Extradermal membranes extend from the crest of the skull to the back of the pelvis. Fibers (pre-wings) trail the forelimbs. A membrane trails each hind limb. These and many other traits are shared with pterosaurs, the flying reptiles of the Mesozoic.

Like birds, pterosaur ancestors used their decorative traits (feathers, membranes) for display, including flapping prior to being able to fly. Running bipedally enabled breathing while running (something quadrupedal undulating lizards cannot do). Bipedal locomotion increased stamina and warmed up the metabolism. So secondary sexual traits (decorations and behavior for display) helped create both birds and pterosaurs.

I studied the one-of-a-kind fossil, a hand-sized mold of such exquisite detail that it also preserved a small jellyfish, in Barcelona in the 1990s where it was inappropriately wrapped in a few layers of toilet paper. In 2000 I described Cosesaurus as an ancestor to pterosaurs, and did so by adding it to four previously published phylogenetic analyses.

Unfortunately, that peer-reviewed and academically published paper has been ignored ever since, for reasons I still cannot fathom other than I have no science degree, let alone a PhD. To this day paleontologists repeat the phrase, “We still don’t know where pterosaurs come from.” Frustrating, but I’ve gotten used to it. I guess this posting is just a chance to vent.

For more exquisite Cosesaurus details, click here: http://reptileevolution.com/cosesaurus.htm

The origin of endothermy triggered by the P-Tr extinction event?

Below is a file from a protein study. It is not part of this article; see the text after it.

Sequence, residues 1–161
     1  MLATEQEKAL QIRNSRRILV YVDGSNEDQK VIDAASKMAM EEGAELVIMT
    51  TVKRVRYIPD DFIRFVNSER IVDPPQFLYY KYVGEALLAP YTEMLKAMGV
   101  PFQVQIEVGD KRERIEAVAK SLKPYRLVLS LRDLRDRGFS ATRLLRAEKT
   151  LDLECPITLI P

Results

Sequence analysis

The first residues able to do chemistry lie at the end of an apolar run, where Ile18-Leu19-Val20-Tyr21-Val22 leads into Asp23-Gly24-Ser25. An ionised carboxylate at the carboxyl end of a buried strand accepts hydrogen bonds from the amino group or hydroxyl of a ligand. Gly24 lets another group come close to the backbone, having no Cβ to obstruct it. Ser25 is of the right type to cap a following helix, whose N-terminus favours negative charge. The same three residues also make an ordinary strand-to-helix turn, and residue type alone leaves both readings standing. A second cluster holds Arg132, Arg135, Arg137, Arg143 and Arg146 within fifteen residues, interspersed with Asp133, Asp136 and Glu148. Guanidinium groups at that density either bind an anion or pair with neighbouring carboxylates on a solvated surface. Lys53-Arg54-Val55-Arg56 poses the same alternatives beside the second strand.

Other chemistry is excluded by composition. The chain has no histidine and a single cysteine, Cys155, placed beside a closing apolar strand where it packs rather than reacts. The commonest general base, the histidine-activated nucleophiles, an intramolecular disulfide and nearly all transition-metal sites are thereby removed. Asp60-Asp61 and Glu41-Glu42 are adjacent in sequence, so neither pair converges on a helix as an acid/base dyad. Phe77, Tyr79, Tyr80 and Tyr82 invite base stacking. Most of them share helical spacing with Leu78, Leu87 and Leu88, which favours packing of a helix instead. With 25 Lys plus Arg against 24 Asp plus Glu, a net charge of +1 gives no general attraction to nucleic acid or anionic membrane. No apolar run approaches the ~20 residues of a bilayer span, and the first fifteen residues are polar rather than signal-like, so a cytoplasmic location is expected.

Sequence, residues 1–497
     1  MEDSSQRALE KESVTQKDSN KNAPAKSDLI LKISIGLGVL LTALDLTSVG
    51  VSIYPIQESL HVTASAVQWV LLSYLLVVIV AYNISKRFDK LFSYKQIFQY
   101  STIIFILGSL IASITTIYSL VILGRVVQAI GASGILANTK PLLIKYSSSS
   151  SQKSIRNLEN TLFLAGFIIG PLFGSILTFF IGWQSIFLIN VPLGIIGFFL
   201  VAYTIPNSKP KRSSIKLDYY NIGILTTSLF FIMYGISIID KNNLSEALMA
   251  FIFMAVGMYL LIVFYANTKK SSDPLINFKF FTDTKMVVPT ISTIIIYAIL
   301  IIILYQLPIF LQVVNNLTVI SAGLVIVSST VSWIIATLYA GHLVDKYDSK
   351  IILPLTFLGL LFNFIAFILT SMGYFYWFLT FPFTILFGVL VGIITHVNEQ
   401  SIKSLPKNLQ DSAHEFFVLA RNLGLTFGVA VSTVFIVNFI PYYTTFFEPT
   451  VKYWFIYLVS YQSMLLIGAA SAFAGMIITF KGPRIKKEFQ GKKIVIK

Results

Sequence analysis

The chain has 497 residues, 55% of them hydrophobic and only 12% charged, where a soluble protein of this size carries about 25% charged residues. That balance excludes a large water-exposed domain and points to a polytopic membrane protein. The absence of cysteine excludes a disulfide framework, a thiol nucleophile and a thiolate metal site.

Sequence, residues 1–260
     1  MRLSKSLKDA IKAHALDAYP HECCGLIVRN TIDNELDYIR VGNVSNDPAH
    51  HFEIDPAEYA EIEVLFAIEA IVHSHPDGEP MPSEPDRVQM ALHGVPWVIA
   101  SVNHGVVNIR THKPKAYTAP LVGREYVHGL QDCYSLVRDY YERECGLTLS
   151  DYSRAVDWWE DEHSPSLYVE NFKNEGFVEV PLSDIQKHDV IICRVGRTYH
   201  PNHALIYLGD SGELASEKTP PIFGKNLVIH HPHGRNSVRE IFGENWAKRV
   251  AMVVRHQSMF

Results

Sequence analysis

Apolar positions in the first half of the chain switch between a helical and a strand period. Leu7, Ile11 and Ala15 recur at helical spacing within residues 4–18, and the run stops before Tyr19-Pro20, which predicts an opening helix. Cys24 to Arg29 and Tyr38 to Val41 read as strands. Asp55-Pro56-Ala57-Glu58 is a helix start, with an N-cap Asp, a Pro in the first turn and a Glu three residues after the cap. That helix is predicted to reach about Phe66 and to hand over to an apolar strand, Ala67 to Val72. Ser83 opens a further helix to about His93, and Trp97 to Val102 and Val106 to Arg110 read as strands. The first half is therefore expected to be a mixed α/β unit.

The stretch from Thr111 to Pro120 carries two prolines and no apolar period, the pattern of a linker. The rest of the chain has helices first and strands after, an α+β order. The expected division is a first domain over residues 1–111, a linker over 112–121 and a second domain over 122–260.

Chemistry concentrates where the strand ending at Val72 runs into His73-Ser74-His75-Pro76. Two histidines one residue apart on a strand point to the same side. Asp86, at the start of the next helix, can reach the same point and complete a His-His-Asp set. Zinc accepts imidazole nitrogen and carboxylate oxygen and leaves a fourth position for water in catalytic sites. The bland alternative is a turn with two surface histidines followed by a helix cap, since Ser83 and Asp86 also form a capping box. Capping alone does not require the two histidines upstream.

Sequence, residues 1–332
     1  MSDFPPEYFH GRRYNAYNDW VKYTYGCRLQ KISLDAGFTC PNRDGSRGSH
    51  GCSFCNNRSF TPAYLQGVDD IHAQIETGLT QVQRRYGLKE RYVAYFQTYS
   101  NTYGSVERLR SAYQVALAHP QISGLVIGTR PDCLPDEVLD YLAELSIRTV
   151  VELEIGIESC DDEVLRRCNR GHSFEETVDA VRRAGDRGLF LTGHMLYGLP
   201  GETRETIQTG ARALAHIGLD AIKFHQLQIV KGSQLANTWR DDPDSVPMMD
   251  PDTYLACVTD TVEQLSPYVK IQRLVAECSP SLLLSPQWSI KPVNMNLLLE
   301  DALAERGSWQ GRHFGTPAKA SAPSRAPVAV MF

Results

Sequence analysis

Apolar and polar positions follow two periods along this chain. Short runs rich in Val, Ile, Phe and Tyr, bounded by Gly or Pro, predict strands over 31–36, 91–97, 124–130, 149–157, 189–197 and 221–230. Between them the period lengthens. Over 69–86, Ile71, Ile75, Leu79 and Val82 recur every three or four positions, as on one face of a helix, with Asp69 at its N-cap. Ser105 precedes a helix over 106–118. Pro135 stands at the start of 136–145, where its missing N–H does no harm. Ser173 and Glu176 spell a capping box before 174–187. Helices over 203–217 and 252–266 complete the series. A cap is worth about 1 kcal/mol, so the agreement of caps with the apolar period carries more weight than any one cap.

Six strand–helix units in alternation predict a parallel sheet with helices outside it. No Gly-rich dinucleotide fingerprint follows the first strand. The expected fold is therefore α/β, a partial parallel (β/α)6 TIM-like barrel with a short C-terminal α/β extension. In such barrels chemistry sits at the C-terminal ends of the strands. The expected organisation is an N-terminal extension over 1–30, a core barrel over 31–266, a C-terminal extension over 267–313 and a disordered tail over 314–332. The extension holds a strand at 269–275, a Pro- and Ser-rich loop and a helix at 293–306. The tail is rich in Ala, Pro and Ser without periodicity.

Benton 2020 reports,
“the emergence of endothermy in a stepwise manner began in the Late Permian but accelerated in the Early Triassic. The trigger was the profound destruction wrought by the Permian-Triassic mass extinction (PTME).”

Two more abbreviations found in Benton 2020 that will be making the rounds:

  1. Mesozoic Marine Revolution (MMR)
  2. Triassic Terrestrial Revolution (TTR).

According to Benton 2020:
“Among tetrapods, both synapsids and archosaurs survived into the Triassic, survivors were marked by the acquisition of endothermy, as shown by bone histology, isotopic analyses, and the acquisition of insulating pelage. Both groups before the PTME had been sprawlers; after the event they adopted parasagittal (erect) gait.”

Actually lots of other clades lacking endothermy, a pelage or a parasagittal gait also survived into the Triassic, as everyone knows.

Actually, none of these traits appeared in any of the above-named groups until the Middle Triassic and then tentatively. Even so, that was just a few million years after the extinction event.